Rick Kraft

Take a deep breath. Breathe in. Breathe out. Go ahead and do it a second time. And now one more time just to make sure you’ve got the idea.

Now close your eyes for a minute. Listen and absorb the sounds around you. Count slowly to 25. Think of something you are grateful for. You have a long list to choose from.

You deserve a “time out” from life now and then. Like in any sporting event, if you don’t use your time outs, you lose them.

Now that you have gathered “your wits,” go ahead and open your eyes, lift your head up, look around, and let’s get back into the flow of life.

There are others out there who are counting on you. Make sure you take care of yourself first, but do so to equip yourself so you can come through for the others who need you.

Mohandas Gandhi said “There is more to life than increasing its speed.”

Life has a way of keeping us busy. Its pace is often a challenge to keep up with. As is the case with a fast moving river, there are times we go under for a period of time trying to save the world for others and sometimes we get lost in the shuffle.

It’s the guy who says he wanted to figure out why his life was so busy, but he couldn’t find the time! Sometimes we just accept the fact that if you put too much on your plate, something is going to fall off.

We start a day with a busy schedule and then something happens that distracts us. Then another thing happens that distracts us from our first distraction. Sometimes that is okay and sometimes it is not. It’s the challenge of life.

Most of life is beyond our control. We can control ourselves as we navigate life, but the spot where we wake up on any given morning is often controlled by others. Our job is to do the best with external events beyond our control by how we respond with what we can control.

Being selfish with a break in your busy routine is competing with accomplishing what you must accomplish.

Nothing great has ever been accomplished except by a tired person. But it’s a tricky balance between accomplishing what you have been called to do and taking time to relax and recharge yourself. At the end of the day are you doing a good job of balancing these two?

Is your busyness of life taking joy from your world? Do you need to trade your busy life for a full one? Do you need to say no to keep from overextending? It is easier to take back a “no” than to take back a “yes.”

Busyness can allow us to accomplish great things. It also can replace what is important in the big picture with what pops up right in front of us. Being busy doesn’t mean we’re taking care of the priorities in our life.

I think of the guy who, while driving his family, looked over his shoulder and said, “We’re lost, but we’re making good time.” Does it really mean anything to be moving at a high rate of speed if you are going the wrong direction?

Peter Drucker said, “There is nothing so useless as doing efficiently that which should not be done.” Will Rogers shared, “If you find yourself in a hole, stop digging.”

While there are some out there who need to get off their rears and get their hands dirty, my guess is that most of you reading this are at the other end of the spectrum and need to tap your brake from time to time.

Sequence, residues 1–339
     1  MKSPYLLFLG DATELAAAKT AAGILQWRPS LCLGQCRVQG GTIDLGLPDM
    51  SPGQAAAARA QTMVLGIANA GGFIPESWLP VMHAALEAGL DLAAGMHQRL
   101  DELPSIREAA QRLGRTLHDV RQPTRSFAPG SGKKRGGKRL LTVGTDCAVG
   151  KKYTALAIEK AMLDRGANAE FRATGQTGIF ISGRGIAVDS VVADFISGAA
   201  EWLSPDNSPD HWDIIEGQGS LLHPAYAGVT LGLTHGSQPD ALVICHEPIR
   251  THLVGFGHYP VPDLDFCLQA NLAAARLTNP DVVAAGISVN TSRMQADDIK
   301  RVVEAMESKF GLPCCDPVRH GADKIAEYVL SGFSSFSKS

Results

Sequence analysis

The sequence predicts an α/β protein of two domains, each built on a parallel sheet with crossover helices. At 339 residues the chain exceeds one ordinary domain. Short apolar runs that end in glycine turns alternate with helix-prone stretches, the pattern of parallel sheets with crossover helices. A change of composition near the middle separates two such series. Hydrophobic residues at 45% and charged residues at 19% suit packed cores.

Most of the history of mankind we did not have time savers like washing machines or microwaves. Why is it that we have so many amenities today that have never existed before, yet we are busier than mankind has ever been?

At the end of the day, it is each one of us that chooses to be busy. We live life a couple of steps ahead of ourselves while trying to get caught up. When we say “I’m too busy to do such and such,” what we are really saying is “It’s not a priority to me.” That’s alright, I’m just saying busyness is a choice we make.

You have taken time from your busy schedule to read these thoughts and comments.

Why don’t you take another few deep breaths, close your eyes again, remind yourself of what you’re grateful for, and reset your world view? You can do it.

My challenge to you is to be proactive, not reactive. Life causes us to be reactive regardless of what we do, but, as the Earl of Chesterfeld said. “Take care of the minutes and the hours will take care of themselves.” You can win a rat race, but once you cross the finish line you are still a rat.

So, begin with the end in mind. Figure out how to maneuver to get there. If you keep the big things in front of you, the small things will line up to move you in the right direction. Make time for your priorities. But there must be some time outs on the journey.

Time is one resource you have that cannot be replaced. We spend it and it’s gone, never to return again. Spend it wisely, but in your day to day journey, don’t forget to stop from time to time and take a deep breath, remind yourself it’s going to be okay, and to reset your attitude.

Just a thought...

 

Rick Kraft is a motivational speaker, a syndicated columnist, a published author, and an attorney. To submit comments, contributions, or ideas, e-mail to rkraft@kraftlawfirm.org or write to P.O. Box 850, Roswell, New Mexico, 88202-0850.

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